China needs to develop its wastewater sector to tackle worsening water pollution. Efforts to improve wastewater treatment infrastructure are obvious: investment in wastewater treatment stood at RMB14 billion in 20121 and under the 12th Five-Year Plan (12FYP), total investment in wastewater treatment and recycling infrastructure in urban areas is expected to reach RMB430 billion, a 20% increase from the previous FYP. Despite these efforts, significant investment is needed to increase treatment rates to reach the target build-out of wastewater treatment plants (WWTPs) for nearly 300 cities in China which currently do not have such facilities by 2015.
The outlook of for the wastewater industry is bullish; confirmed by Vice-Minister Zhou Jian of the Ministry of Environmental Protection (MEP) announcing in February 2014 that China will spend RMB 2 trillion to tackle water pollution. Here are 8 things you need to know about wastewater in China:
1. China’s wastewater volume is comparable to the Yellow River’s annual flow
With the largest population in the world, China is easily the top ranked country by the amount of wastewater produced. In 2012, the total discharge of wastewater in the country amounted to 68.5 billion tonnes which is in volume terms comparable to the annual flow of the Yellow River of 58 billion m3 per annum. Discharged wastewater comprises of discharge from domestic use (e.g. human waste, washing water, urban runoff) and industrial wastewater. These are often labelled “point-source pollution” as there are specific points where the wastewater is discharged. Contrary to point-source wastewater, nonpoint-source wastewater comes from diffused sources such as agriculture, land runoff, precipitation, drainage and seepage, etc.
2. China’s wastewater pipe network can circle the earth 10x
China’s wastewater pipe network totals more than 414,000 km in length2, equivalent to more than 10x the Earth’s Equator at 40,075 km. It is quality and not quantity that the pipe network is lacking. Unlike the water supply sector with better established pipes, the wastewater infrastructure is less developed due to lagging construction of wastewater and sewage pipelines3. Not surprising, expansion of the wastewater pipe network is on the cards as per the 12FYP. Last year, the Beijing Municipal government led the way and announced its plans to build 1,121 km of wastewater pipelines (see our review here). Given rising urbanization rates in China, it is important for the government to get municipal wastewater treatment right.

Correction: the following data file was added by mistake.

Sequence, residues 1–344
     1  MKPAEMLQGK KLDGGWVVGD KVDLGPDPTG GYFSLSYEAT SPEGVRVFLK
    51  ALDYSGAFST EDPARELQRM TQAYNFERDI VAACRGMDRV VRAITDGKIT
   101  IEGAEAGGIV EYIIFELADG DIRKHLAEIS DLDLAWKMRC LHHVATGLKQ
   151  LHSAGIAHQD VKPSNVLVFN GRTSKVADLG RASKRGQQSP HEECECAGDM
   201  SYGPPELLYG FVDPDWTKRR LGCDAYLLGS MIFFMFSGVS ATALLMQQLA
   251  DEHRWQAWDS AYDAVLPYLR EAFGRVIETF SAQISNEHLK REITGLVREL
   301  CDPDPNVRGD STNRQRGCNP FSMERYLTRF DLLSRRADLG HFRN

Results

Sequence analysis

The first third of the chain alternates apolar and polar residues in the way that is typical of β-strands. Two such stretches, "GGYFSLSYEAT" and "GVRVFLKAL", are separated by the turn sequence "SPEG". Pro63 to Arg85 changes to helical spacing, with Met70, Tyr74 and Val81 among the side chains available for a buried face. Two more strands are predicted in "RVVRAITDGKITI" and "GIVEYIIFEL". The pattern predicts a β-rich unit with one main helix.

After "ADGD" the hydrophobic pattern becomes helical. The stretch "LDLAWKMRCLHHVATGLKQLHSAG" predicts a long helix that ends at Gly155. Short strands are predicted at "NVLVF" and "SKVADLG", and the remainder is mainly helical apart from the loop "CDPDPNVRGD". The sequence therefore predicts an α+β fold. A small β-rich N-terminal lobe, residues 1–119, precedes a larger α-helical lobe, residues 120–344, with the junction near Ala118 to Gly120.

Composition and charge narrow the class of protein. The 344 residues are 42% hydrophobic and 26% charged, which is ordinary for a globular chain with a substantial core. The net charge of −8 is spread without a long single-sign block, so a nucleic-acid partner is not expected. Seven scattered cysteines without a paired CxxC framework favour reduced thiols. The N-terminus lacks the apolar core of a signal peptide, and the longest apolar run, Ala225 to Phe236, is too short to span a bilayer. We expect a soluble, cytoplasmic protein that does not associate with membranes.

3. Rising urbanization = rise in domestic wastewater
Total wastewater discharged has increased by 65% from 41.5 billion tonnes in 2000 to 68.5 billion tonnes in 2012, and is projected to keep growing with rising urbanisation and increasing affluence of the country. Indeed, the graph below shows a rising trend in domestic wastewater discharge that reflects a similar rise in urbanisation rates during 2000-2012:
The graph also clearly shows that the growth in domestic wastewater discharge has outpaced the growth in industrial wastewater discharge. By 2012 domestic wastewater discharge accounted for around 68% of the total wastewater discharge.
Meanwhile, China’s urbanisation rate has also grown at a fast pace: from 36% to 53% over the same period. Given an expected urbanization rate of 60% forecasted by the UN, by 2020, domestic wastewater volumes are expected to rise accordingly. Industrial wastewater on the other hand appears under-reported…
4. Industrial wastewater discharge appears to be under-reported!